Nuclear magnetic resonance (NMR) is increasingly applied to the study of plant cells, plant tissues, organs, and living plants as a whole. Today, dynamic MRI functional imaging offers exciting new opportunities for physiological mapping of whole plants at high spatial and temporal resolution. Understanding plant physiology at this level should answer many unanswered questions about plant productivity, development, and stress responses and open up unparalleled new avenues for understanding the relationships between plant growth, productivity, stress tolerance, and competitiveness.
The overall objective of the APLIM project was to federate an interdisciplinary community to develop new tools (NMR and MRI) to non-destructively measure fluxes in plants and to better understand plant response to abiotic and biotic stresses to accelerate research and innovation.
A first part was dedicated to the "development of innovative NMR and MRI tools and methods dedicated to plant research in the laboratory, greenhouse and field". The configuration of the NMR/MRI experimental facilities was adapted to model plants (Arabidopsis, tomato, rice) and to a wide variety of crops by designing optimized NMR coils and sensors. A transportable NMR relaxometer was also built for field studies on crops. The design and synthesis of novel chemical nano-objects as innovative contrast agents to track water and molecular dynamics in plants addressed the concept of "smart nanoprobes."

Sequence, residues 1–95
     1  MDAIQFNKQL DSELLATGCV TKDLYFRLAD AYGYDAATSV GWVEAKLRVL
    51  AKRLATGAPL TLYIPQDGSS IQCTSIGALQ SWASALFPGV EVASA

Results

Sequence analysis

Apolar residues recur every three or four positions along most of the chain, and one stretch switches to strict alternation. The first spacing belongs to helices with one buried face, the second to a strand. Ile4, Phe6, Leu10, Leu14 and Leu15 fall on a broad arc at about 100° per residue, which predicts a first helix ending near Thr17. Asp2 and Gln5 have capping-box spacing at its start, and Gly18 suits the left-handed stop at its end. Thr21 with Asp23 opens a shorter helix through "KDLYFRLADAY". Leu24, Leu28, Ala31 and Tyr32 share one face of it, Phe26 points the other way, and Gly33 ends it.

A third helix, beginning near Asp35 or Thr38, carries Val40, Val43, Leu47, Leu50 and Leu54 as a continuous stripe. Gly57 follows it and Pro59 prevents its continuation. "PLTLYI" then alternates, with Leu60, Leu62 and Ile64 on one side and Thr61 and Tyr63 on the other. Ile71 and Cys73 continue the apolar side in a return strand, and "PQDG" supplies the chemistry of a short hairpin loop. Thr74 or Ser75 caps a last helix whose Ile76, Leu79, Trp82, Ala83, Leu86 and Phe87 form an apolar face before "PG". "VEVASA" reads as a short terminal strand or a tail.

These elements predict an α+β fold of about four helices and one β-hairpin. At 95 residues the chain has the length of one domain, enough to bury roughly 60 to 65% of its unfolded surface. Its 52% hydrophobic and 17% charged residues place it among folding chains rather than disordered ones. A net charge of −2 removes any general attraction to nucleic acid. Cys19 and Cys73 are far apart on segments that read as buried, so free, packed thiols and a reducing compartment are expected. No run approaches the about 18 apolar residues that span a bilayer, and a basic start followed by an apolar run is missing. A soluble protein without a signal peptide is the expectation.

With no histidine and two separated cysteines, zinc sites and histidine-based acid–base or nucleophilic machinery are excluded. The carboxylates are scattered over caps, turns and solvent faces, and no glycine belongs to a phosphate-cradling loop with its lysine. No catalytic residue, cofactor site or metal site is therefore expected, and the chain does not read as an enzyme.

The second part focused on NMR spectroscopy, relaxometry and imaging to study plant responses to biotic and abiotic stresses. The first objective was to take advantage of existing tools and available NMR/MRI technologies to overcome the limitations of current approaches in plant physiology. The second objective was to conduct new technological developments to address unresolved questions related to transport in intact plant architecture under controlled and field conditions.
The project has led to the creation of an NMR and MRI imaging platform adapted to plants, unique in France, thanks to the development of an original methodology for quantifying the fluxes measured by innovative patented tools (antennas) and associated with software adapted to MRI image processing.